Stephen Smellie looks forward to the rebellion unleashed by a Swedish school student
Thousands of young people across the world are preparing for strike action on 20 September. However, it is not unions or any leftist parties that are organising and leading this strike movement. Instead, hundreds of school students, co-ordinating through social media, have been educating, agitating and organising their peers to take part in strikes from attending school to demand action by governments to slow down and stop global warming and climate change.
When Swedish school student, Greta Thunberg, decided to stand outside the Swedish parliament instead of going to school, she sparked a movement that has been more successful in pressurising governments on climate change than almost any other campaign before.
Unions should be hugely grateful that Greta didn’t just say it was a protest or an action. Instead, she called it ‘Skolstrejk for Klimatet’ – School Strike for Climate – and immediately re-introduced to young people’s consciousness the idea that to challenge power taking strike action was a powerful and energising action. From this, an opportunity has been created to develop a ‘trade union consciousness’ amongst young people by demonstrating the progressiveness of unions, engaging with their movement and offering support for their aims and actions.
Less than a year after Greta’s first solitary Skolstrejk, Friday 20 September looks like being a massive day of action with demonstrations being planned for Glasgow and Edinburgh and across Europe, America and around the world. Several of these events have taken place in the past months but in addition to school students taking action, Greta and her supporters have called on ‘adults’ to also take action and to join what has become known as the Climate Strike.
Whilst this includes asking businesses to take action on the day, it is a clear call for workers and their unions to step up to the challenge of combatting climate change and to be inspired by the actions of the school students – in many cases our children and grandchildren.
The TUC at its congress in early September this year will be debating a UCU motion calling for lunch time stoppages on the 20 September in support of the young people. UNISON, taking a lead from its Scottish branches who have declared the 20 September a ‘Green UNISON Day’. This means calling upon branches to take actions on the day and having declared the week leading up to this Friday a ‘Green UNISON Week’. Other unions are making similar declarations.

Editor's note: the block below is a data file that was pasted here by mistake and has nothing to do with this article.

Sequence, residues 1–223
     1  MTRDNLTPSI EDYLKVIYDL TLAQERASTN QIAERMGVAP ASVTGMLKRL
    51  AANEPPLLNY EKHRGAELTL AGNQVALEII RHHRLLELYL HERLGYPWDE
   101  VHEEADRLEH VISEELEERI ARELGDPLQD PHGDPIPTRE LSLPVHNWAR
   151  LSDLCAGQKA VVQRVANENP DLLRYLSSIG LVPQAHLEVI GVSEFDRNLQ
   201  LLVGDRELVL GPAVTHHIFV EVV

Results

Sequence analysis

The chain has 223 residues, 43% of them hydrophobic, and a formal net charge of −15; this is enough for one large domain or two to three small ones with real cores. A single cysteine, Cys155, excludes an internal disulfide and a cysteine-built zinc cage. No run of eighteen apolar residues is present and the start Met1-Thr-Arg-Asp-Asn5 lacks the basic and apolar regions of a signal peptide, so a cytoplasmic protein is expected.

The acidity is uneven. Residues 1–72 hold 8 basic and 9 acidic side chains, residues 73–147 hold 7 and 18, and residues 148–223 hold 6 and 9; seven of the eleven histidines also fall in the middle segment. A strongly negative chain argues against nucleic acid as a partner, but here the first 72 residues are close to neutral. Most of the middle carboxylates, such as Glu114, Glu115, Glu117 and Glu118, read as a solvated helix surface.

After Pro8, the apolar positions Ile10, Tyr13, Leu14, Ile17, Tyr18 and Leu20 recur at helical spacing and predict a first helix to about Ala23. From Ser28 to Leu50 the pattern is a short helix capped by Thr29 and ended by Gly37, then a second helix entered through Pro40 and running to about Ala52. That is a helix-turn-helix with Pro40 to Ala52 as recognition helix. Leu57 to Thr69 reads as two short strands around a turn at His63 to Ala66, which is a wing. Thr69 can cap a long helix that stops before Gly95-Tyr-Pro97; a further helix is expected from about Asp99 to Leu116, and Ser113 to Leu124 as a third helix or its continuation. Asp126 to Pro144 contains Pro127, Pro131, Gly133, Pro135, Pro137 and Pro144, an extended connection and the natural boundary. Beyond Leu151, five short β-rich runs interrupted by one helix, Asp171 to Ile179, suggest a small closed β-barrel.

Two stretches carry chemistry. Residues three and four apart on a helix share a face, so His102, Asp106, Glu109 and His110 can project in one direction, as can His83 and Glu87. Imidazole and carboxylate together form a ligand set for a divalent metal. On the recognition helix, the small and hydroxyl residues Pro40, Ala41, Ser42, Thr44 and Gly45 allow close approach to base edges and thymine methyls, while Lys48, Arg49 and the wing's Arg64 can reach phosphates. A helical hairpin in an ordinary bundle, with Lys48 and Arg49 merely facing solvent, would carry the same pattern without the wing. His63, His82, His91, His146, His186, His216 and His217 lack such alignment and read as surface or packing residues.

The STUC is briefing affiliates on the aims of the climate strike and encouraging them to show support for the aims of the school students. They are acting as a liaison between the climate strike co-ordinators and unions and will themselves co-ordinate any financial support that can be offered to assist with the cost of organising the demonstrations on the 20 September. The STUC Young Workers Committee has decided that they will play a role in the action. In addition to the official structures of unions making preparations, various branches of Unite, PCS, UCU and EIS, have been discussing motions and making plans for supportive actions.
None will be taking industrial action. The anti-union laws don’t allow even consideration of this. Yet is also clear that workers and their unions are not at the level of consciousness on this issue to be ready to take strike action. Therefore, the activities being planned must look to raise that consciousness within unions and their members of why the climate change issue is important and deserves to be a far greater priority for them.
Actions that are being considered for the 20 September include lunchtime meetings including inviting school strikers to visit workplaces, union banners being present on demonstrations, union leaders making public statements in support, union branches calling on their employers, public and private sector, to declare a ‘Climate Emergency’ and work on action plans to address this, planting trees to symbolise the need to protect and grow more forests with attention on the plight of the Amazon, using social media to express solidarity with the school students, calling for the switching off of all non-essential lights and electrical equipment.
Unions in the school sector have a key role to play. The climate strikers have called for a day in the week after the 20 September where the normal curriculum is cancelled and they have a ‘teach-in’ where lessons are focussed on climate change. Teachers and school support staff, and their unions, should engage with this initiative and make plans with school students for this.
The news that Glasgow looks set to host the next United Nations Climate Conference, COP 26, in December 2020 adds a further challenge to every politician, local and national, in Scotland to ensure that rhetoric about world-leading climate legislation is made manifest before the world descends on the Clyde. Unions and other civic organisations must ensure that, along with the young climate strikers, we use the 20 September as the launch of a broad, mass movement to ensure young people and workers’ voices are heard and that we see Scotland actually leading on climate change, a Just Transition for workers and a future for our young people.
Stephen Smellie is the UNISON Scotland Depute Convenor and a National Executive Committee member of UNISON